Qualitech and Proposed Bankruptcy Code Amendments
On May 9, 2007, the Real Property, Probate and Trust Section (“RPPT”) of the American Bar Association submitted to the ABA House of Delegates for consideration and adoption at the 2007 Annual Meeting in San Francisco a Report and Recommendation that the ABA urge Congress to amend section 363(f) of the Federal Bankruptcy Code to overturn the decision of the Seventh Circuit Court of Appeals in Precision Industries, Inc. v. Qualitech SBQ, LLC, 327 F.3d 537 (7 th Cir. 2003). This decision held that real estate owned by an entity that is the subject of a bankruptcy case may be sold free and clear of a lease of that realty provided that one of five conditions set forth in this Bankruptcy Code section is satisfied. Unlike the protections granted to a nonbankrupt lessee whose lease is rejected by a bankrupt lessor by section 365(h) of the Bankruptcy Code, a lessee of realty that has been sold free and clear of the lease is not permitted by statute to remain in possession of the property until the leasehold term expires. The Report and Recommendation submitted to the House of Delegates calls upon Congress to amend section 363(f) “to clarify that a sale of real property free and clear of an unexpired lease under which the debtor is the lessor can be accomplished only if the non-debtor lessee is granted the same rights afforded to non-debtor lessees when their leases are rejected.”
The history of this Report and Recommendation goes back to 2003, shortly after the Qualitech decision was published by the Seventh Circuit. At that time, the Real Property Division of the RPPT formed a working group consisting of Michael D. Goler, Raymond J. Werner and Patrick E. Mears to determine whether and under what circumstances Congress might be approached by the ABA to overrule Qualitech. This opportunity did not present itself until 2005, when Congress enacted the Bankruptcy Abuse Prevention and Consumer Protection Act that significantly amended the Bankruptcy Code although it did not address the problem created by Qualitech.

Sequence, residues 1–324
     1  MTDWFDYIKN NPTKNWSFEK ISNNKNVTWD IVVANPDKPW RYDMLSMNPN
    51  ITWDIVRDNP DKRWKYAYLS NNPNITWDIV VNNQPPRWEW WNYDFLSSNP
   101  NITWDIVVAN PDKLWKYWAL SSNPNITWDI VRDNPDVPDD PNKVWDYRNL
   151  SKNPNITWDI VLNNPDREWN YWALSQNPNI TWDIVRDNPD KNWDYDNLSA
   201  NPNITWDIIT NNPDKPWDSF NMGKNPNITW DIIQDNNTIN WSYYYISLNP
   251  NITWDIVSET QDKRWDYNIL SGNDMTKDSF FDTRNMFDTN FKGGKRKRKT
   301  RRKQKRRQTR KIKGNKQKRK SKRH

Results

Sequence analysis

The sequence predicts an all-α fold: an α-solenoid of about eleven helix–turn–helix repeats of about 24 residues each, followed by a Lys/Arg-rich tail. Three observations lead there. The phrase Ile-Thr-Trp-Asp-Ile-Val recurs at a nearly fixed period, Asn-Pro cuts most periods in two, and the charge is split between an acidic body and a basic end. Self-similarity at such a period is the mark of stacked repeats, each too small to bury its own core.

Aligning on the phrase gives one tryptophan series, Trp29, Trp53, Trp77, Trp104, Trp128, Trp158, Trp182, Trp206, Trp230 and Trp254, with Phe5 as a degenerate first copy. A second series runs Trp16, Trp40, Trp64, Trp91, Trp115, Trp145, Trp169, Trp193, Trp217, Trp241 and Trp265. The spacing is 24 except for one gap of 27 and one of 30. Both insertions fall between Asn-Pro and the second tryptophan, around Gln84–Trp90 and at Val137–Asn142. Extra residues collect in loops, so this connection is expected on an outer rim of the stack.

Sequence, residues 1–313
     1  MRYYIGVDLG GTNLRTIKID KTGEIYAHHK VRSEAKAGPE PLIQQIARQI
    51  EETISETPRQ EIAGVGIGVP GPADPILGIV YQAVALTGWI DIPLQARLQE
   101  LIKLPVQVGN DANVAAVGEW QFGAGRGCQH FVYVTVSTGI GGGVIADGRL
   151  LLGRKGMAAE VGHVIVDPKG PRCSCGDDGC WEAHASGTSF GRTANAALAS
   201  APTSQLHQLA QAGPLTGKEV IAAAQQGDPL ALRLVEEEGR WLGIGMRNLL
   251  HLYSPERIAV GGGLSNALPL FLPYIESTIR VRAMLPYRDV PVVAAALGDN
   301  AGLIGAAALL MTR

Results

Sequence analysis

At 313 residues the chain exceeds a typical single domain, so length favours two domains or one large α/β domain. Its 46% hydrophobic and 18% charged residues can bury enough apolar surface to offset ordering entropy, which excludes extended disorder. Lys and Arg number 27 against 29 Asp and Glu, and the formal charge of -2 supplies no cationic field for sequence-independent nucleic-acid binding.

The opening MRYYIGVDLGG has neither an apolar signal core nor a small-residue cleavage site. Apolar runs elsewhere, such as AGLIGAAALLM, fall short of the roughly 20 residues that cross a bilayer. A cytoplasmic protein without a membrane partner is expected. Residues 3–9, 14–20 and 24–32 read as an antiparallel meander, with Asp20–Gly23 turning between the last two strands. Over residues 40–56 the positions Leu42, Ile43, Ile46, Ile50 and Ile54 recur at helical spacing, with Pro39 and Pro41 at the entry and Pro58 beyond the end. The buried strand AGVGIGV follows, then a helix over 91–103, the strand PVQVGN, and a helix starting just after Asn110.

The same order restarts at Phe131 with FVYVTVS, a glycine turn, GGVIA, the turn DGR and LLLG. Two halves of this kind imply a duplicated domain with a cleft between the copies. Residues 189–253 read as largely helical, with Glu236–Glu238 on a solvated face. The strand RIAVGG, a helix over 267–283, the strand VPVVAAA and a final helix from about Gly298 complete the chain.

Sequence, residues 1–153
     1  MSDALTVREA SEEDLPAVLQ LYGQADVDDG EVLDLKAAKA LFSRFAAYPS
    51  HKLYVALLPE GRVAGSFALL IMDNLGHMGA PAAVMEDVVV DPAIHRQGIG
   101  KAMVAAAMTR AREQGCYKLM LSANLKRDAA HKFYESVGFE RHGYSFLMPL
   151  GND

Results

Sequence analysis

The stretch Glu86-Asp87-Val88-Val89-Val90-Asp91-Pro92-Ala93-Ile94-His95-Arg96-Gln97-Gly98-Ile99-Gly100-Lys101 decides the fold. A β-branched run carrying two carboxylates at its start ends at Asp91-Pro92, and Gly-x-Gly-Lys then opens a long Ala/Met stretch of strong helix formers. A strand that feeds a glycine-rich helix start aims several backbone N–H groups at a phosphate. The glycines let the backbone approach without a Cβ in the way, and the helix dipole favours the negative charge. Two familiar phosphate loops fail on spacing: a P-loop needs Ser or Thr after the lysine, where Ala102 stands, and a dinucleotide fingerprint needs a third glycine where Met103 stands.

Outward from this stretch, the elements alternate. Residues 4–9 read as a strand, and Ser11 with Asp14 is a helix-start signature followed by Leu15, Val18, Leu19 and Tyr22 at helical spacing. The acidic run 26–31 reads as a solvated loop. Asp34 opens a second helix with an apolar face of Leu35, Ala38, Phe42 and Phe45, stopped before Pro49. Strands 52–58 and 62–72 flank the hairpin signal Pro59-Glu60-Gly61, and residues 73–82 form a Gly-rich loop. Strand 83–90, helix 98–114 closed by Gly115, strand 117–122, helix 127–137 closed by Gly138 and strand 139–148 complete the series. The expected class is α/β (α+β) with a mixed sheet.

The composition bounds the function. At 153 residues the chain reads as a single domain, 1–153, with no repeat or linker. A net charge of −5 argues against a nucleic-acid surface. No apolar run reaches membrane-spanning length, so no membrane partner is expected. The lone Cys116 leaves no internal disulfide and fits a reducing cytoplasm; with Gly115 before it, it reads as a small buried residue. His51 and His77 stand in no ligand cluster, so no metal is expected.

At present, the Senate and House Judiciary Committees are in the process of preparing technical amendments to the 2005 bankruptcy legislation and staff members of those committees have advised the RPPT working group that they would welcome a draft proposal fixing the Qualitech problem.
At the November, 2006 RPPT Leadership Meeting in Scottsdale, Arizona, the Section Council approved a proposal for submission of the Report and Recommendation described above to the ABA House of Delegates for consideration at the 2007 Midyear Meeting in Miami, Florida. The language of the Report and Recommendation submitted to the House of Delegates was negotiated with representatives of the Business Law, Legislation and other ABA Sections. However, at the February meeting in Miami, some Delegates asked that the Report and Recommendation be tabled until the 2007 Annual Meeting so that the language could be vetted further by other ABA Sections. The RPPT Section Delegates, David Tang, Lee Sher and David English, agreed to withdraw the Report and Recommendation to accomplish this proposed further review. During the last few months, final agreement on the language of the Report and Recommendation was achieved by all interested ABA Sections and this proposal will be voted on this August in San Francisco.
If you are interested in receiving this Report and Recommendation, please contact Patrick Mears at email@example.com.